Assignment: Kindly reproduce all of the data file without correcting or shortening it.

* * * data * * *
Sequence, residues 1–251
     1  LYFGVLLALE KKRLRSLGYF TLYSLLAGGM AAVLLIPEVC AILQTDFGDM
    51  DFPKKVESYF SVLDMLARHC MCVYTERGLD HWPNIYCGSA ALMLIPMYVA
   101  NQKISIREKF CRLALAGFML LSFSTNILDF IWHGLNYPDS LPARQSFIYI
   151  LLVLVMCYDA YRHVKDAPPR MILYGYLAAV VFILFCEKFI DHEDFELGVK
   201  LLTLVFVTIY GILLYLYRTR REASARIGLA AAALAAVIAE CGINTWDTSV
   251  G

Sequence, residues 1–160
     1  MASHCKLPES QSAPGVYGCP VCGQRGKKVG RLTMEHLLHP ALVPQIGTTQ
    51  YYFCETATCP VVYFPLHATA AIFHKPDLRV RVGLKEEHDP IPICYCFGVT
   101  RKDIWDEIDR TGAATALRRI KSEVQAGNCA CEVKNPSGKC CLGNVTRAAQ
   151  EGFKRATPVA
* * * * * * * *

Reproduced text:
Sequence, residues 1–251
     1  LYFGVLLALE KKRLRSLGYF TLYSLLAGGM AAVLLIPEVC AILQTDFGDM
    51  DFPKKVESYF SVLDMLARHC MCVYTERGLD HWPNIYCGSA ALMLIPMYVA
   101  NQKISIREKF CRLALAGFML LSFSTNILDF IWHGLNYPDS LPARQSFIYI
   151  LLVLVMCYDA YRHVKDAPPR MILYGYLAAV VFILFCEKFI DHEDFELGVK
   201  LLTLVFVTIY GILLYLYRTR REASARIGLA AAALAAVIAE CGINTWDTSV
   251  G

Sequence, residues 1–160
     1  MASHCKLPES QSAPGVYGCP VCGQRGKKVG RLTMEHLLHP ALVPQIGTTQ
    51  YYFCETATCP VVYFPLHATA AIFHKPDLRV RVGLKEEHDP IPICYCFGVT
   101  RKDIWDEIDR TGAATALRRI KSEVQAGNCA CEVKNPSGKC CLGNVTRAAQ
   151  EGFKRATPVA